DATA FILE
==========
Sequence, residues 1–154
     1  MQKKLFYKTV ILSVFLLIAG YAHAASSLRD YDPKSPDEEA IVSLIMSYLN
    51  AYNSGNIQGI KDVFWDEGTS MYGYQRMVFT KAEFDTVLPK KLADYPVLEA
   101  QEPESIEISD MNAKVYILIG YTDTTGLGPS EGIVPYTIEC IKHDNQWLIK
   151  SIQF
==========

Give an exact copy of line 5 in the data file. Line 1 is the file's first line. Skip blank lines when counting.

   151  SIQF